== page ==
Nigeria’s Senate Okays death penalty for drug trafficking - Ripples Nigeria
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Nigeria’s Senate Okays death penalty for drug trafficking



Senate Confirms 11 Supreme Court Justices

The Senate on Thursday approved death sentence as penalty for drug trafficking and other substances in Nigeria.

This followed the passage of the National Drug Law Enforcement Agency (NDLEA) Amendment Bill 2024.

The Red Chamber also prescribed at least 15 years imprisonment without the option of a fine for the consumption of hard drugs and substances.

The parliament passed the bill after adopting the report of Senate Committees on Judiciary, Human Rights and Legal Matters and Drugs and Narcotics on the NDLEA Amendment Act presented by the Chairman, Senator Mohammmed Monguno, at the plenary in Abuja.

Monguno in his presentation said the amendment sought to strengthen the operations of the NDLEA, empower its operations to establish laboratories for forensic review and update the list of dangerous drugs.

He said the amendment was also designed to review penalties and enhance the powers of the NDLEA to prosecute drug-related offences and issue subsidiary legislation.

The lawmaker recalled that the Senate on February 28, deliberated on the bill which was transmitted from the House of Representatives for concurrence.

He said it was important to make a general comment on the bill, especially on the classification of the offences and penalty categorisations of drug-related offences.

Monguno said: “These guidelines in drug laws are designed to promote fairness, consistency and proportionality in the criminal justice system while considering the broader goals of rehabilitation and public safety.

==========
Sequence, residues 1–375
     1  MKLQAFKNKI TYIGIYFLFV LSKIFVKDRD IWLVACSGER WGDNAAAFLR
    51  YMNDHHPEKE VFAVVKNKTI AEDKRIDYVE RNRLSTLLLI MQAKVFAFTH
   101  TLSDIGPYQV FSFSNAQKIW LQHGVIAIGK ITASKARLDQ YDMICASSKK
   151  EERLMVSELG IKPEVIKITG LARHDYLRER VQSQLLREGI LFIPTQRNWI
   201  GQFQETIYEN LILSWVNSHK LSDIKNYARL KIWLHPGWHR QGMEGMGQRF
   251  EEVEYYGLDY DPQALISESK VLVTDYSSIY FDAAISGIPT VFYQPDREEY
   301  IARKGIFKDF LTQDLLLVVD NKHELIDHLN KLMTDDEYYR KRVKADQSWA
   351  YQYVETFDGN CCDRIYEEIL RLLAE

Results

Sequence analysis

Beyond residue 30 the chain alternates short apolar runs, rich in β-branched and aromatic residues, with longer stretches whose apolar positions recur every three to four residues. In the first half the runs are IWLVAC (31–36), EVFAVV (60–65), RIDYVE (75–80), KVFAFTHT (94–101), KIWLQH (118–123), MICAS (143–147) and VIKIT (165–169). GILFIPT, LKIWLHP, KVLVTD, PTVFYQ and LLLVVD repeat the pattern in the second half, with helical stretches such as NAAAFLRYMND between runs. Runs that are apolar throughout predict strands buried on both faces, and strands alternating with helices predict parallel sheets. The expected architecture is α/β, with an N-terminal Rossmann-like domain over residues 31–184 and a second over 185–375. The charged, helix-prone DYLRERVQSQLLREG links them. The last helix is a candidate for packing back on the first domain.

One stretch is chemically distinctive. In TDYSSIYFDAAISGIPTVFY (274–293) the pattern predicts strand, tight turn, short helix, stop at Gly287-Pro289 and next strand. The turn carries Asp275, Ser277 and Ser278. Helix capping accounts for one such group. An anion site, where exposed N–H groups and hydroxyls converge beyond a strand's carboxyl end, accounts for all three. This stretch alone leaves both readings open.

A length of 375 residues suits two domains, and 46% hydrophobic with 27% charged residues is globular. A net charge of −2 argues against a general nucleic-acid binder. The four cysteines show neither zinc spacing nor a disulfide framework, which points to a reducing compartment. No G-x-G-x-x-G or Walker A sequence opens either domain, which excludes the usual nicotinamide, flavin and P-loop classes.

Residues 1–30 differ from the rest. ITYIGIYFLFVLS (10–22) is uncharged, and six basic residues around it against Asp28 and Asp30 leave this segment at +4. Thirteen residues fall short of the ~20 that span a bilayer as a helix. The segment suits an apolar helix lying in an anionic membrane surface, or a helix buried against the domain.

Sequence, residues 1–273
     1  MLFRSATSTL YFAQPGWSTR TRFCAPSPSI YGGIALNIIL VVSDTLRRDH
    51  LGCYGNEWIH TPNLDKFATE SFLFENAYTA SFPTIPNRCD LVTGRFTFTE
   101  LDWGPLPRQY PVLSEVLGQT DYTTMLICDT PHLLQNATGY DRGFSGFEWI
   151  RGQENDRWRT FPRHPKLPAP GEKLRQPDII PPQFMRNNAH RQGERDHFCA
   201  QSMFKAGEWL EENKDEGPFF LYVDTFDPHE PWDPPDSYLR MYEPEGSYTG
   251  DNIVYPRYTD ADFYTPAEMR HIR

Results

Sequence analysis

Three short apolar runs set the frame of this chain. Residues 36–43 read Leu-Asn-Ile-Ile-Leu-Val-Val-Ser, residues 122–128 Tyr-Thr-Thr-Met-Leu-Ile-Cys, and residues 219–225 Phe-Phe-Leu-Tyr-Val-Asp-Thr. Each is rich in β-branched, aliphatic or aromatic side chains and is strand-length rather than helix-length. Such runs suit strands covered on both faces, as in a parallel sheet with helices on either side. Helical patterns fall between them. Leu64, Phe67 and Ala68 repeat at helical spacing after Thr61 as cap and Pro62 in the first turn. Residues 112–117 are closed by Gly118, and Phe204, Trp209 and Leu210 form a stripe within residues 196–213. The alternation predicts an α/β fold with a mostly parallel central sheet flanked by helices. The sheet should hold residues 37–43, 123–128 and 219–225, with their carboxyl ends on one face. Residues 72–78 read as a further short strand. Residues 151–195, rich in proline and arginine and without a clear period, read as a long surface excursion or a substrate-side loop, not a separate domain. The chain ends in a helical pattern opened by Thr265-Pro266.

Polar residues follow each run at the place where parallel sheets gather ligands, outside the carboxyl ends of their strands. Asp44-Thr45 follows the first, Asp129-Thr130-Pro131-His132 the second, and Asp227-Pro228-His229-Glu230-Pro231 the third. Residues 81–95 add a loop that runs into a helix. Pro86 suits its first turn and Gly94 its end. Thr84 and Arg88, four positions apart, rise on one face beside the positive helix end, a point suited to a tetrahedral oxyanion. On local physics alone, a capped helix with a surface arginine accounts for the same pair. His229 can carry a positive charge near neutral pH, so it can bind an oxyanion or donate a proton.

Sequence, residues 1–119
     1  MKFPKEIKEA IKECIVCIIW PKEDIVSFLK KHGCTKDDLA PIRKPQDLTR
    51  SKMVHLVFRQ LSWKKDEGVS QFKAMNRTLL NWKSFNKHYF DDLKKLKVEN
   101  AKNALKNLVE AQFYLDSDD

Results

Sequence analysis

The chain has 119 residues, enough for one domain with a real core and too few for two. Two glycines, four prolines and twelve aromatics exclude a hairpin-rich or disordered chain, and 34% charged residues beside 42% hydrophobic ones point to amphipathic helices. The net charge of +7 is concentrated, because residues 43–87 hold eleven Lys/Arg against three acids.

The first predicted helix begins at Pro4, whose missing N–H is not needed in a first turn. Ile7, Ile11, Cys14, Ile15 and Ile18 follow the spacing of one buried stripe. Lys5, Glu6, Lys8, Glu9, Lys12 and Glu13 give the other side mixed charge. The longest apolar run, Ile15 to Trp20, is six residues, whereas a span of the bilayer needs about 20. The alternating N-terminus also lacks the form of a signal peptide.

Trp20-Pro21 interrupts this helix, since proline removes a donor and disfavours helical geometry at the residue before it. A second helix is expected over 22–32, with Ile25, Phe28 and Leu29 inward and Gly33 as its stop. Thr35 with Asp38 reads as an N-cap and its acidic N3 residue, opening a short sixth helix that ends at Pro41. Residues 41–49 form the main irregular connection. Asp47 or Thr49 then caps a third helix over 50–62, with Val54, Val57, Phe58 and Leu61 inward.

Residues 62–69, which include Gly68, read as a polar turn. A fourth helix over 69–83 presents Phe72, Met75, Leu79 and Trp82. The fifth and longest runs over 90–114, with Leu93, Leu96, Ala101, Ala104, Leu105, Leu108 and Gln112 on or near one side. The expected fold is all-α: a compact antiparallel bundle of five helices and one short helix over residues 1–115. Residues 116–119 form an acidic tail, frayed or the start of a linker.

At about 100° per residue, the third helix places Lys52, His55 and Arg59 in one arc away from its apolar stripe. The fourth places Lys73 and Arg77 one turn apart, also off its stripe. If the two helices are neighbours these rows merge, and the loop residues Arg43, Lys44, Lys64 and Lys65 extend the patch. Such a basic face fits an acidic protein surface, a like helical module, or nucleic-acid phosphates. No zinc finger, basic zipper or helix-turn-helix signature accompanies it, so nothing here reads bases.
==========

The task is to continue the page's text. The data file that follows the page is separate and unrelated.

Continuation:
“It is also important to note that several variables are used in determining the penalties imposed on a suspect.

“This includes type and quantity of controlled substance, defendant’s criminal history, intent behind drug-related activities, aggravating or mitigating circumstance such as organised crime, violence, use of offensive weapon.

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“Others like endangerment of minors can aggravate penalties, conversely mitigating factors like cooperation with law enforcement or lack of prior criminal record may lessen the severity of punishment.”

Before the passage of the bill, the Senate Chief Whip, Ali Ndume, moved a motion for amendment to clause 11 of the bill which initially prescribed life imprisonment for drug and substances trafficking in Nigeria.

Ndume had called for stiffer sanctions and moved a motion for a death sentence.

The motion was seconded by the Senator from Ebonyi State, Onyekachi Nwaebonyi , who said drug and substance trafficking was doing greater harm to the nation and hence a stiffer penalty for offenders.

When the motion on the death penalty was put to vote, the “Yes” had their way as the Deputy Senate President, Barau Jubrin, who presided over the plenary ruled in favour of the “Yes.”

However, the decision did not go well with the Senator representing Edo North, Adams Oshiomhole, who objected to the ruling.

The former Edo State governor pointed out that he was responsible to his constituents for every law passed in the Senate.

He said issues of life and death should not be passed based on “Yes or No” responses and advocated for voting by every senator.

The first and only time Nigeria executed drug traffickers was during the military regime of Muhammadu Buhari in 1984.

The trio of Bernard Ogedegbe, Batholomew Owoh and Lawal Ojulope were sentenced to death by a special military tribunal set up by the junta and executed a few days later despite appeals for clemency by civil society organisations and concerned international bodies.

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